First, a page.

Defining what Soul food is can be tricky ... and Neo Soul food even more so. I loosely define it as the food of Black Americans prepared in nontraditional ways. It is largely influenced by Southern cuisine, but not exclusive to that region. For example, I'm biracial and my Black family's roots in Rhode Island extend back to the 1700s … directly from Africa. I would say that clam chowder is our family's soul food, not something more classically "Soul Food popular" popular like gumbo. I'm told my grandfather made fried green tomatoes (a Southern tradition, not to mention that frying is an African cooking method, not European) and was a locally famous barbecue pit master in his town of North Kingstown, Rhode Island.
Why Neo Soul?
You might think “Why not just call it Soul food?” Well, I never learned how to make traditional Soul Food. I don’t make a roux for my Vegan Gumbo, I don’t make Mac and Cheese the “Soul Food way” (i.e. baked as a casserole), I usually sauté my collard greens and cook them only until they’re bright green and tender, and I use sweet potatoes for sandwiches instead of pie. Also, I do lots of cultural fusion concepts like Jerk Barbecue Chickpea Tacos, Tabouli-style Blackeyed Pea Salad, and my take on cornbread fuses with a recipe from my family’s Native American tribe by using berry preserves and maple syrup.
Also, newer ways of cooking allows us to cook healthier meals. Traditionally, much soul food was not always the healthiest for our bodies. Now, using smoked turkey instead of a ham hock is quite common, or omitting meat altogether has been a direct result of Black vegan movement. I really enjoy the culinary challenge of not using meat while still delivering exciting flavors with plant-based ingredients ... which is what you will find in many (but not all) of my Neo Soul recipes.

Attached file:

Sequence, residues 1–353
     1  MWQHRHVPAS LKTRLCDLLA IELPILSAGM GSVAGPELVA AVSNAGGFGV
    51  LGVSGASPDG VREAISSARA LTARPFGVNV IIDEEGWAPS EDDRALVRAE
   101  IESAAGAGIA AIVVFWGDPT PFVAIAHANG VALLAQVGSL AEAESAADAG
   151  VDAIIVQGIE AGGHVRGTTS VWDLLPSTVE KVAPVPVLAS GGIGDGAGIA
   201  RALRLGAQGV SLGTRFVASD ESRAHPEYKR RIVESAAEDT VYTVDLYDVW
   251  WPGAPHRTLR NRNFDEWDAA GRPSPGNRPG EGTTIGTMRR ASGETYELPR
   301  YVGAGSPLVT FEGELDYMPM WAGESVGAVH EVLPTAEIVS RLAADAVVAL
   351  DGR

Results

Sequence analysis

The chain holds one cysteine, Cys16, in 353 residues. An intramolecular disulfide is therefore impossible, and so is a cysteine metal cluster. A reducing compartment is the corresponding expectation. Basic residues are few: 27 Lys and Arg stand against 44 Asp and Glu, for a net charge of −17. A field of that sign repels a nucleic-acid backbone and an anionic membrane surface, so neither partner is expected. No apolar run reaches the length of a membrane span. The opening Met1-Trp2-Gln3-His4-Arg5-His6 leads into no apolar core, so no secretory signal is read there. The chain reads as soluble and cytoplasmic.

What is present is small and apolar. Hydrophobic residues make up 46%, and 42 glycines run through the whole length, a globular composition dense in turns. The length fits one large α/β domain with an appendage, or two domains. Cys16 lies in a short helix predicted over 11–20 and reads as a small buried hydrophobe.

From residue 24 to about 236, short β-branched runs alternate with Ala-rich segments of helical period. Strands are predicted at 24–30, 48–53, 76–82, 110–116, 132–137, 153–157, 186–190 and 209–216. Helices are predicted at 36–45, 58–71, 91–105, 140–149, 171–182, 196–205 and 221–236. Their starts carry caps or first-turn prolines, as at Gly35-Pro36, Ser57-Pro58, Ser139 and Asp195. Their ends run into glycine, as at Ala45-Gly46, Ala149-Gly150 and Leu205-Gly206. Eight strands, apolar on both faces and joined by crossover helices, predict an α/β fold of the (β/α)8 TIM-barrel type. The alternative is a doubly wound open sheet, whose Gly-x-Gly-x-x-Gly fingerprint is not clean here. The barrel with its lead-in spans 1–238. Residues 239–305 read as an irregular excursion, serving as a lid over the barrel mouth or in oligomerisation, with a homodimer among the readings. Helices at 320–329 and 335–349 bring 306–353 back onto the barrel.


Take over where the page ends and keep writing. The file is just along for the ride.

There’s a first time for everything
I’m a firm believer in the concept that there’s a first time for everything. For myself, I actually didn't grow up making Soul food. I was adopted and found my biological family in my early 20s, so my first time making or eating Soul food happened much later in life. Because of this, I had a non-traditional approach when it came time for me to make things. My first time learning about plantains was from Nigerian, Black American/Haitian, and Colombian friends in college and my immediate idea was to bake them. They all looked at me like I was crazy and said, “They’re just plantains, you better heat up some oil!” Being stubborn, I still baked them. While plantains were not new, they were certainly new to ME and that’s what I did with them. Now, twenty years later I found myself kinda baking plantains in my air fryer (aka. convection oven) a couple weeks ago while testing a recipe concept.
Neo Soul food is based on a historical context. As I explore more food of the African diaspora and do extensive research into my own genealogy, I learn about countless ingredients that either came to Black Americans in a variety of ways. These could be ingredients historically grown by us, passed down from slavery, popularized by us, or simply ingredients learned about from the modern ability to watch what different Black home cooks do in kitchens across the world. Knowledge and access to so many ingredients combined with different approaches of cooking sets the stage for countless variations in what Soul food can be nowadays.